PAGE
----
The Agricultural Research Trust, commonly known in Zimbabwe as ART Farm, continues to gain credence in the southern African country by becoming an independent assessor of hybrid maize varieties, in a series of countrywide trials.
Established in the early 1980s as an institute to serve the needs of the commercial farming sector in Zimbabwe, no new crop variety will be released in the country unless it has been tested by an independent arbiter at a minimum of five sites or at least for three seasons.
However, ART Farm has managed to fill this role and crops such as maize, wheat, barley and soyas are all tested in trials run annually.
The farm is located on the outskirts of Harare, in Pomona and the property stretches from Harare Drive up to where Gwebi and Mazowe rivers separate.
The farm has heavy red soils.
ART Farm director Rob Jarvis said the operation was the go-to organisation in Zimbabwe to test chemicals, new technologies and complementary farming systems.
“On the ART Farm operation, the aim is to develop the entire operation into a model example of successfully implemented regenerative agriculture,” he said.
“To this end, the Trust is retooling and refocusing its efforts to investigate, measure and give advice to farmers on the ways and means to convert traditional farmland to a sustainable model of good agricultural practices with the long-term aim to reduce dependence on crop chemicals and fertilisers, build soil health and ultimately improve profit and quality of all agricultural output.”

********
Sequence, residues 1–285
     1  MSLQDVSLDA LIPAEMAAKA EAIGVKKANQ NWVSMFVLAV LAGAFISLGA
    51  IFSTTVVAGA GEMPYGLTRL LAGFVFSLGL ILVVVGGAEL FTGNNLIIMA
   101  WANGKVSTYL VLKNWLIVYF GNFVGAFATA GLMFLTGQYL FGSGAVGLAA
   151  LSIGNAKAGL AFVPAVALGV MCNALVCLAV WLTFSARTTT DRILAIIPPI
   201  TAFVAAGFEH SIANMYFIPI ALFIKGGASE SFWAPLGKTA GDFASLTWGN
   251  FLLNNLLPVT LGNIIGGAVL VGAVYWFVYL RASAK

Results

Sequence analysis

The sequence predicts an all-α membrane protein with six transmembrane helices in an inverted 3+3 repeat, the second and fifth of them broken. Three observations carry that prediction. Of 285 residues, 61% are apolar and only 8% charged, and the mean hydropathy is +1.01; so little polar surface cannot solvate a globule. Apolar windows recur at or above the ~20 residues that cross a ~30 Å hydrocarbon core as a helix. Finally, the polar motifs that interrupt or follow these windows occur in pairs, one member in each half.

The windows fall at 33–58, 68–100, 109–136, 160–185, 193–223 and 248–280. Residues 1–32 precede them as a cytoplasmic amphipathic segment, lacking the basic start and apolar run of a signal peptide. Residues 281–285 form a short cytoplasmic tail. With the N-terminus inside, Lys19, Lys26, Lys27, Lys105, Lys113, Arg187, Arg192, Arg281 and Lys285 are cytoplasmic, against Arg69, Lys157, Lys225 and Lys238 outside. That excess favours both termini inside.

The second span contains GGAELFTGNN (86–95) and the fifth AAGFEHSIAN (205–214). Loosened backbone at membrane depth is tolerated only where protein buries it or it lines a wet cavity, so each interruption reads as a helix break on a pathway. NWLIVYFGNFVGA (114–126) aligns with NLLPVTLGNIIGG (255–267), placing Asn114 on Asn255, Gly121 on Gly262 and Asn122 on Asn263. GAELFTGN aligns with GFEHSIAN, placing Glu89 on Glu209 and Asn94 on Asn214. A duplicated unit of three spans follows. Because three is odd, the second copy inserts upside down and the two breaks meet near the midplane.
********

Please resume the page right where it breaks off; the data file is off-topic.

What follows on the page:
According to Jarvis, zero-till planters are key for cropping, ensuring that crops residues are left on the surface and trying as much as possible to keep principle of living roots in the farming system by cover crops at strategic intervals and inter-cropping where appropriate.
“The lands used on ART were in the research blocks and were in good heart, with reasonable pH, high levels of inherent fertility and little compaction.
“We almost immediately saw an increase in soil-based fungi, water penetration, earthworm activity and a hive of activity on the flowering plants used in the cover mixes,” Jarvis said.
He added: “This trial is ongoing and will continue indefinitely, with decisions on how to manage the crops, the covers, the livestock, the grazing and the land, taken holistically.
“These are exciting times for ART and there are investigations ongoing into organic fertiliser possibilities.
“We are producing our own compost from plant and animal waste material, which will then be used going forward to grow healthier, less demanding vegetable crops which currently huge and expensive amounts of synthetic pesticides and fertilisers.”